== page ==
Jallikattu is intimately linked to the harvest and has a hoary tradition at least 4,000 years old, which has saved the native breeds from abattoirs. Indeed, the bulls are worshipped, fed pistachios, cottonseed, coconut, brinjal, dates, and lavished with care. There is a belief that if there is no Jallikattu, the rains won’t come. Sadly, following a sustained campaign by urban activists, the Courts intruded to regulate and eventually ban rural sports.

Jallikattu inscription excavated from Peththa Nayakkan Palaiyam, Attur Taluk, Tamil NaduPrior to the ban, each bull entering a tournament was given a registration number and inspected for abuse and performance-boosting drugs by Government-appointed doctors, before and after the game. Eight-feet-high double barricades protected the spectators as tamers attempted to tackle a bull by its hump (tackling by the tail, neck or horns entails disqualification), and somehow hang on for about 50 feet or till the bull crosses the finish line. The actual event lasts only a few minutes, but generates excitement across weeks, and stimulates the local economy through betting and tourism. As bull owners converge on hosting villages, cultural ties are built across communities.

Since the ban, several dozen Jallikattu bulls have been sold for less than Rs 18,000 each as against the princely sum of Rs 1.5 lakh per star animal. No animal rights body or activist has stepped forward to care for the redundant animals. The fear that native cattle breeds that are hardy and drought-resistant will die out is very real.

» Sandhya Jain writes for The Pioneer and Niti Central and is the Editor of Vijayvaani Opinions Forum. She tweets at https://twitter.com/vijayvaani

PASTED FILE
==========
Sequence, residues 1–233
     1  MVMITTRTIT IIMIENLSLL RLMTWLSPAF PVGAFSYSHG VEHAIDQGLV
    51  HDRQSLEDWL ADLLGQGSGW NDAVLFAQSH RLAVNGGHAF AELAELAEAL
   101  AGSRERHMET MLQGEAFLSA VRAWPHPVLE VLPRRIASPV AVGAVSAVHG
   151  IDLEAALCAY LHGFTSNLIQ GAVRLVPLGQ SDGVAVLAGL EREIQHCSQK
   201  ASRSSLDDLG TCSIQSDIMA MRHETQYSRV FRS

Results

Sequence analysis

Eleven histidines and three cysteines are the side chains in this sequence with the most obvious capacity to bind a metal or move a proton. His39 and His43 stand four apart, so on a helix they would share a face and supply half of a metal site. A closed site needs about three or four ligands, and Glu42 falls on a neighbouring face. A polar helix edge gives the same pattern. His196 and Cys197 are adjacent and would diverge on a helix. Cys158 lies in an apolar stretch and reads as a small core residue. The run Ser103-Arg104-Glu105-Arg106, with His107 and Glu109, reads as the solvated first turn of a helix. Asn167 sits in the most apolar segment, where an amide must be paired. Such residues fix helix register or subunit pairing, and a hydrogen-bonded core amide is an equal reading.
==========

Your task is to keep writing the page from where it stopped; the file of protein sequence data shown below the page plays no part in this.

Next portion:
Maneka Gandhi condemns river-linking project – PTI

India's river interlinking plan

Maneka Gandhi“There is no question of (linking rivers). There can be no scheme in the world as bad as this. Every river has its own eco-system, own fish, own PH value. If you connect one river with another, it will kill both of them. Don’t be in any misconception.” – Maneka Gandhi

Terming the ambitious river-linking plans of BJP’s prime ministerial candidate Narendra Modi as ‘extremely dangerous’, party MP Maneka Gandhi has said it was she who had stopped former PM Atal Bihari Vajpayee from going ahead with it.

The idea of inter-linking of rivers was floated during the NDA government headed by Vajpayee.

Replying to a question on linking river Gomti with Sharda at an event here last night, Gandhi, who is sitting MP from Aonla, said “I had stopped Atalji from this rubbish (Maine hi Atalji ko roka tha is bakwaas se). Such plans are nothing but rubbish.”

“There is no question of it (linking rivers). There can be no scheme in the world as bad as this. Every river has its own eco-system, own fish, own PH value. If you connect one river with another, it will kill both of them. Don’t be in any misconception,” she said.

Gandhi said one can build canals and clean them regularly but connecting Ganga with Gomti would kill both the rivers and is “extremely dangerous”.

She also questioned from where the land for such project would come.

“You will require 10-15 lakh acres of land which will be spoiled. Who will give that much land?,” she said.

Modi, in his speeches during election rallies, has been advocating linking of rivers to prevent drought and floods in the country. – IBNLive, 14 May 2014

Pilgrim offering a lamp to Ganga Devi at Prayag